Updated: Aug 22
When you are submissive or enjoy being submissive with a partner, navigating your own desires can be tricky. As submissives, we sometime engage in denying our own desires as part of kink play (e.g., orgasm control or denial). Additionally, we prioritize serving the needs of a dominant. However, the reasons people seek out submissive relationships where their desires are low priority or denied are not uniform. Understanding why you are attracted to these types of relationships is important for understanding your submissive journey.
You Don’t Know What You Want
Understanding and exploring desires is often portrayed as “selfish” or “slutty” or “perverted” in our predominant dominant culture. We are exposed to what we “should” desire. This is generally heteronormative versions of penetrative intercourse. Desires outside of this narrow expression of sexuality are generally portrayed as “edgy,” “perverse,” and even “dangerous.”
In this context, it makes sense you may not have the language or even the ideas of what you like when it comes to sex and intimacy. If you don’t have a solid idea about the types of sex and intimacy you want, try some of these suggestions.
Read erotic books or blogs.
Watch erotic films or porn.
Masturbate and pay attention to your fantasies.
Make a “yum” list- things you think sound fun and yummy and want to try.
Listen to podcasts about sexual adventure (Risk! and Bawdy Storytelling are great places to start).
It Is Easier to Serve Someone Else Than to Ask What You Want
Communication about sexuality and desire can feel awkward or intimidating. This is another skill we are rarely taught. Most of popular culture portray the best sex as unplanned and never spoken of before it happens. This is completely unrealistic! How are you supposed to know what someone likes if you never talk about it?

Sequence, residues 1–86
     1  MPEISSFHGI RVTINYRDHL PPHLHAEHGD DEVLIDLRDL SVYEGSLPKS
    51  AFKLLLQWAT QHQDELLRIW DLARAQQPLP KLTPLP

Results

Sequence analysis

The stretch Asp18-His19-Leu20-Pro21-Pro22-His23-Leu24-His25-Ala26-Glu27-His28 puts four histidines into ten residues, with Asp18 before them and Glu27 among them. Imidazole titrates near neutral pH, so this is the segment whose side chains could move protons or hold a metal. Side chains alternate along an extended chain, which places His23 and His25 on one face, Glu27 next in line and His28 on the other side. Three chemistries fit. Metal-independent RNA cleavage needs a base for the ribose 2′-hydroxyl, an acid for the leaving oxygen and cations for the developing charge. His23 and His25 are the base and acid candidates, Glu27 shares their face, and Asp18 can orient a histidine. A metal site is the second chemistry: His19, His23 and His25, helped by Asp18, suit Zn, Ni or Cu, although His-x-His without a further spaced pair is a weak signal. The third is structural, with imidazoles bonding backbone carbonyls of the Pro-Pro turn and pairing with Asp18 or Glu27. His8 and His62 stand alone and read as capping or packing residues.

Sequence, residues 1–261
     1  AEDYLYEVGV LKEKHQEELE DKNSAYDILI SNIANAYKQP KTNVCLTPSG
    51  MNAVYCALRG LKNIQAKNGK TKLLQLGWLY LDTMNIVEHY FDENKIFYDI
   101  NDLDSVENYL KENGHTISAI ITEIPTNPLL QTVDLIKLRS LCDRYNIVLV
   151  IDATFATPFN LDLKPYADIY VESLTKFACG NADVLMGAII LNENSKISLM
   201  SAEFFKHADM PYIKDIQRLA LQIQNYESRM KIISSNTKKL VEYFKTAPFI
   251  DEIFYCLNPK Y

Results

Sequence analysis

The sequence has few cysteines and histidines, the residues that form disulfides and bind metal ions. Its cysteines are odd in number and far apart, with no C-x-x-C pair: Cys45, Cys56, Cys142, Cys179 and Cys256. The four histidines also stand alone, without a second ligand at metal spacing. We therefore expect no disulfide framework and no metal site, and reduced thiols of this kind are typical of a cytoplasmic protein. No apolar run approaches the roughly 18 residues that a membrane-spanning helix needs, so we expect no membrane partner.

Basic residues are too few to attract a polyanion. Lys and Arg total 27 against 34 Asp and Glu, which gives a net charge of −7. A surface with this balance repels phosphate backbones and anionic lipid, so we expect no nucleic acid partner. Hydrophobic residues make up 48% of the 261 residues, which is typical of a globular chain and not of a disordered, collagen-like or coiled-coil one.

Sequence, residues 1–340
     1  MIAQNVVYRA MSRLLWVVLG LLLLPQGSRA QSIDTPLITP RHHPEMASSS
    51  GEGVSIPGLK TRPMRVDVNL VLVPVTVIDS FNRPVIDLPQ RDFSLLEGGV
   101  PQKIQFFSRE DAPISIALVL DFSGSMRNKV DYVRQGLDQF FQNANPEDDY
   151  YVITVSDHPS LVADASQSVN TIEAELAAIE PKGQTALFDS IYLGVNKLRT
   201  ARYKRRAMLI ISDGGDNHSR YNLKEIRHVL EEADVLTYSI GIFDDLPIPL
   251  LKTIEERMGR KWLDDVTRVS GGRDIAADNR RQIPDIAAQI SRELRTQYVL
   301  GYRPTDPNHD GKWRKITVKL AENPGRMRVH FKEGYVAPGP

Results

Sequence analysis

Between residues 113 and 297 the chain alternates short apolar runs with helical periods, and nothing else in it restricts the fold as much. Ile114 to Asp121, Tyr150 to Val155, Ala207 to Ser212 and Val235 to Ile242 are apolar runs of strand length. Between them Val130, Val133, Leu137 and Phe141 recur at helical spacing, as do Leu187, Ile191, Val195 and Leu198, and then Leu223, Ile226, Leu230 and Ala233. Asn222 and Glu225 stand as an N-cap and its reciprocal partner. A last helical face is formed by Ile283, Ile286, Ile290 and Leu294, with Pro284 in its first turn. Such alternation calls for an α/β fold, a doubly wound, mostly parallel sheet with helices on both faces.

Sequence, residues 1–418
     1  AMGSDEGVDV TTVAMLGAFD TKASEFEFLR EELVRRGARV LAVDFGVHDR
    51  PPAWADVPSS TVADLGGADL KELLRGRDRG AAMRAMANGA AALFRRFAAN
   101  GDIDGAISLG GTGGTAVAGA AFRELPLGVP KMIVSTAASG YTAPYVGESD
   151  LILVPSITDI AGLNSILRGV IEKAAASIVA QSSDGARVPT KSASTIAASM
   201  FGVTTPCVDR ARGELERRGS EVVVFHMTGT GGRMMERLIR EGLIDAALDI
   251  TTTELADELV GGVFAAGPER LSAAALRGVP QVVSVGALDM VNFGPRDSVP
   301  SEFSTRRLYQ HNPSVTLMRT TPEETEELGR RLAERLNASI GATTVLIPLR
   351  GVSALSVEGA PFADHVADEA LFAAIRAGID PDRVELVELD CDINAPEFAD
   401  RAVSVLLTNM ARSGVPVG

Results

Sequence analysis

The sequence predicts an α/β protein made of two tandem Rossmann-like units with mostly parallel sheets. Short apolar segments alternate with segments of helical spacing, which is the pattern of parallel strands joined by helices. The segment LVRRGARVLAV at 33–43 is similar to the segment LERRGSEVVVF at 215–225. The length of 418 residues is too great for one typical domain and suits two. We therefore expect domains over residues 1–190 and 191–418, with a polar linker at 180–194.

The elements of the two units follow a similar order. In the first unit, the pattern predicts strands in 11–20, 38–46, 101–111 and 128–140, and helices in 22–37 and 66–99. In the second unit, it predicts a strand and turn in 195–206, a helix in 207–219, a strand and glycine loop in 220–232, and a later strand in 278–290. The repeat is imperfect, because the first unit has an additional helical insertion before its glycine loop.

Asking for what you want takes courage and practice. You need to find the language to express what you want and the courage to ask for it. If you feel awkward asking for what you want, here are some tips to help.
Practice with yourself first! Say the words aloud in the shower or the car or where ever you have privacy to get comfortable with them.
Try out different words for body parts and activities. Find words that feel comfortable to say.
Talk to a partner outside the bedroom. The bedroom is often a charged space for conversations about sex. Talking to them over lunch, while out for a walk, or on a drive can help make the conversation feel less stressful.
Write it out. If verbally asking for what you want feels too overwhelming, try texting or sending an email. The lack of face to face communication and the ability to think about what you want to say before you say it may make it feel less stressful.
You Don’t Believe You Deserve the Sex You Want
When it comes to showing people having great sex or kink scenes, we limit it to specific bodies. Most often, the people who get to have great sex lives in the media are thin, young, able-bodied, lighter skinned, and middle or upper class. If that does not describe you, chances are you have not seen someone who looks like you having great sex.
We internalize this messaging. We may believe that because we are fat, or disabled, or not traditionally attractive, or darker skinned, that some times of sex is out of our reach. We may believe that we don’t deserve the type of sex we want until we lose weight, or ‘fix’ our disability or illness, or get a facelift, or something else.
Becoming comfortable with your body and learning to accept that you deserve the sex and intimacy you desire without having to “fix” what is “wrong” with you can take time and unlearning.
If you call into this category, here are some tools for helping you change that internal voice so it tells you that you are worthy of great sex and intimacy as you are now.
Change your social media feeds. Make sure they include lots of people who look like you!
Block social media feeds that make you feel bad about yourself.
Stop reading popular magazines that focus on the “ideal” body and sex life.
Read Your Body is Not an Apology by Sonia Renee Taylor and do the work!
Create mantras that remind you, you deserve great sex and intimacy as you are today.
All submissives deserve to have their desires and needs met. It is important to have a voice as a submissive. Take time to find out what you desire and start to negotiate with partners about how to get your needs met as well as meeting their needs.